Proturans / Coneheads
The name Protura, derived from the Greek words "proto-" meaning first (or original) and "ura" meaning tail, refers to the lack of advanced or specialized structures at the back of the abdomen.
Classification & Distribution
- lacking metamorphosis
- eggs hatch into young which are smaller than adults, but similar in appearance
- primitively wingless
Distribution: Uncommon -- found in damp habitats usually associated with soil and leaf mold.North America
Worldwide Number of Families34 Number of Species20~500
Life History & Ecology
Proturans are usually regarded as the most primitive of all hexapods. They have six legs and three body regions (head, thorax, and abdomen), but they lack most of the other physical features that are common to arthropods. Most species are very small (0.5-2.0 mm) and unpigmented. They are always found in moist habitats -- usually in the humus and leaf mold of temperate deciduous forests. Both adults and immatures feed on organic matter released by decay.
Proturans do not have eyes or antennae. The front pair of legs are usually held in front of the body and apparently serve as sense organs. Newly hatched proturans have nine abdominal segments. Each time they molt, another segment is added near the end of the abdomen until they are fully grown (and sexually mature) with 12 abdominal segments. Additional molts may occur during adulthood, but the body does not grow any longer.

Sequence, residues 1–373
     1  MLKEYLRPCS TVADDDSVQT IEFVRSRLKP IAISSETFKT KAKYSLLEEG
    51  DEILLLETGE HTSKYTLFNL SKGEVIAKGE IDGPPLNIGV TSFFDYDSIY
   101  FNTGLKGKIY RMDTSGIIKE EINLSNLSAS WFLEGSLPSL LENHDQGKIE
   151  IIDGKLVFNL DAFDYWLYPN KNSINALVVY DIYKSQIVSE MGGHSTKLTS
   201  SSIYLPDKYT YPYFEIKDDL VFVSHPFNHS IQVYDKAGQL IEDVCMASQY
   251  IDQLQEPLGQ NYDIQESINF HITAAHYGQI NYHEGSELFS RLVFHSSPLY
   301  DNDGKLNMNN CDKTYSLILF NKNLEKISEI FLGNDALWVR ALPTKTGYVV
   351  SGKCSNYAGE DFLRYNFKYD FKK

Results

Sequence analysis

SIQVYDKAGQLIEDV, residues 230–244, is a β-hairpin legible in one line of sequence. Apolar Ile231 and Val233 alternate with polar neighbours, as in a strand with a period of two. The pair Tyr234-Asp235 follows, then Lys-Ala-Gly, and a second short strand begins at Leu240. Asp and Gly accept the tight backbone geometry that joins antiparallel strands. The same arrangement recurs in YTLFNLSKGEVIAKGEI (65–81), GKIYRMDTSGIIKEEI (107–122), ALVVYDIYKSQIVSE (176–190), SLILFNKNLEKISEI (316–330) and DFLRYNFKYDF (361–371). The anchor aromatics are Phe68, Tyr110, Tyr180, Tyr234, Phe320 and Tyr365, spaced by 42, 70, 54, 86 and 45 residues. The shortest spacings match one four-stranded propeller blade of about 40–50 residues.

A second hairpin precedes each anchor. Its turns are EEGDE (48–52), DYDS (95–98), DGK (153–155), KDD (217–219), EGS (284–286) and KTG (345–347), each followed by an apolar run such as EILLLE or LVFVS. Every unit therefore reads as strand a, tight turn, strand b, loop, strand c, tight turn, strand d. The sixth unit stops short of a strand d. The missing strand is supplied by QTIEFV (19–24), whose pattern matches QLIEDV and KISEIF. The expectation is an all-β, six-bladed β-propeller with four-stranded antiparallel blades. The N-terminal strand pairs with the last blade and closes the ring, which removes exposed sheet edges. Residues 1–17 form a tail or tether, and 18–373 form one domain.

Physical FeaturesAdults and Immatures
- Antennae absent
- Compound eyes absent
- Head conical, all mouthparts enclosed within the head capsule
- Pseudoculi present on head (these may be remnants of vestigal antennae)
- Front legs directed forward (probably sensory in function)
- Small ventral styli located on abdominal segments 1-3
- Abdomen with 9-12 complete segments
- Cerci and abdominal filaments entirely absent
- Body unpigmented, usually white or ivory in color
Proturans are primarily inhabitants of forest leaf litter. They are part of the community of decomposers that help break down and recycle organic nutrients. None of these arthropods are considered pests.
In North America, the Protura are represented by three families:
- Eosentomidae (8 species)
- Acerentomidae (9 species)
- Protentomidae (3 species)
- Proturans were first discovered by Antonio Sylvestri in 1907 near Syracuse, New York. He found them in samples of leaf litter he had collected for a post-doctoral project on soil-dwelling invertebrates.
- Proturans do not have eyes or antennae. The front pair of legs are usually held in front of the body and apparently serve as sensory organs.
- Two of the three North American families of Protura lack a tracheal system. All gas exchange occurs through the integument.
- With only about 500 species worldwide, Protura is the smallest class in the phylum Arthropoda.